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Tips to Support the Gifted Learners in Your Classroom

Support Gifted Learners

Last week, we looked at how to identify the hard-to-recognize gifted learners in your classroom. In our blog, we introduced the six profiles of gifted learners and shared a checklist that you can use to determine if your students fall into one of these gifted learner groups.

Now that you have a better idea of who your gifted students are, it’s time to learn how to support their individual needs. This week, we will look at strategies for three of the gifted learner groups: successfulchallenging, and undergroundstudents.

The Successful Student

Give her choices.

 Choice boards are excellent tools for promoting ownership in a successful gifted learner. By letting her choose her task and work independently to solve problems, she will begin to gain confidence, learn to enjoy brainstorming solutions, and start challenging herself on a more regular basis.

Engage her in risk-taking experiences.

 Encourage your successful gifted learner to take on leadership roles in class, try more challenging problems, and participate in classroom debates. The more she engages and excels in activities that make her nervous, the more comfortable and confident she will be, which means she will be open to taking more risks both in and out of the classroom.

The Challenging Student

Allow him to share his feelings. 

If a challenging gifted learner is being disruptive, take a moment to hear what he has to say. He may be frustrated that no one is listening to his unique viewpoint, or he may be bored by an activity that doesn’t challenge him. By listening to his concerns, you will be one step closer to understanding how to provide him with engaging, challenging, and productive learning experiences.

Let him explore and pursue his interests.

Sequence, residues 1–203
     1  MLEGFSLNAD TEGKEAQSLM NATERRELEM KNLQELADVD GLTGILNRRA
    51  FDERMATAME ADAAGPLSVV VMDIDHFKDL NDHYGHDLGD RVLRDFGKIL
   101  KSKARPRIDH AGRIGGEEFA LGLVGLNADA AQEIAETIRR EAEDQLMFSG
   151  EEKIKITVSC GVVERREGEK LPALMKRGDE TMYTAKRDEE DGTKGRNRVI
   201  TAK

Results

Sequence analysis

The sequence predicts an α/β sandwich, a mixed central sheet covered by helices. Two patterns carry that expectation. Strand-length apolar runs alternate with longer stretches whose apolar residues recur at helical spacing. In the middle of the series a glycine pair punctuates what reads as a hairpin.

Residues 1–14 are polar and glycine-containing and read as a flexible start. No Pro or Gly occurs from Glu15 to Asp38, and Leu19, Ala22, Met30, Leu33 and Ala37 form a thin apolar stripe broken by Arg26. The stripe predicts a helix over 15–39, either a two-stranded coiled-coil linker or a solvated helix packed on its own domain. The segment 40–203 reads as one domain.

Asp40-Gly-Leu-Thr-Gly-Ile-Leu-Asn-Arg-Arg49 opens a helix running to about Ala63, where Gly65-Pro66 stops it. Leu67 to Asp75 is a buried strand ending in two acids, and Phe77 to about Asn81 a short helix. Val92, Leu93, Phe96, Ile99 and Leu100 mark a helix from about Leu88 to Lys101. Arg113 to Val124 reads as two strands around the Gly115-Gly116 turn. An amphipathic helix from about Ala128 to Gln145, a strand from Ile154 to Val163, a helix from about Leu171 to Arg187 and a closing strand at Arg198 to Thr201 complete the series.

If the class is learning about the effects of global warming and your challenging student is asking why this lesson is important, try to learn what he is interested in learning about global warming. He may crave more complex topics like how to build a structure that will protect animals from global warming. Though this will take some effort on your part, by providing the student with differentiated learning opportunities, he will appreciate the new challenge and will likely be more engaged and less disruptive.

The Underground Student

Place her in appropriate courses and programs.

 Ensure your student is placed in challenging courses and programs that will provide her with productive learning experiences, even if she insists on wanting to take classes with her friends. To help her engage socially, you can assign her to take electives and have lunch period with her friends.

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How to Identify Gifted Students in Your Classroom

How to Identify Gifted Students in Your Classroom

One of the many challenges you may face in your classroom is the daunting task of supporting all learners. One group of students—gifted learners—is particularly challenging to support because these learners can… Read more »

Read More about How to Identify Gifted Students in Your Classroom

Introduce role models. 

If your female underground student is a whiz in science but doesn’t want to pursue it, introduce her to female scientists who are taking the world by storm. By learning from other successful, groundbreaking women, underground females will be more likely to pursue their passions. For your male underground students, partner them with autonomous gifted peers during group work. This will help them to appreciate how a well-adjusted, confident gifted student engages in new learning experiences.

What do you think of these strategies? Have you tried any of them with your students? How else do you enhance the learning experiences of your gifted learners? Share your ideas on our Facebook page! In a future blog, we will delve into the remaining three gifted learner groups: at-risktwice-exceptional, and autonomous learners. Stay tuned!

Featured Course

Reaching and Teaching Gifted Students in the Regular Classroom

In this course, you will learn how to identify gifted students and their individual needs (including those who have added challenges, such as ADHD or learning English as a second language).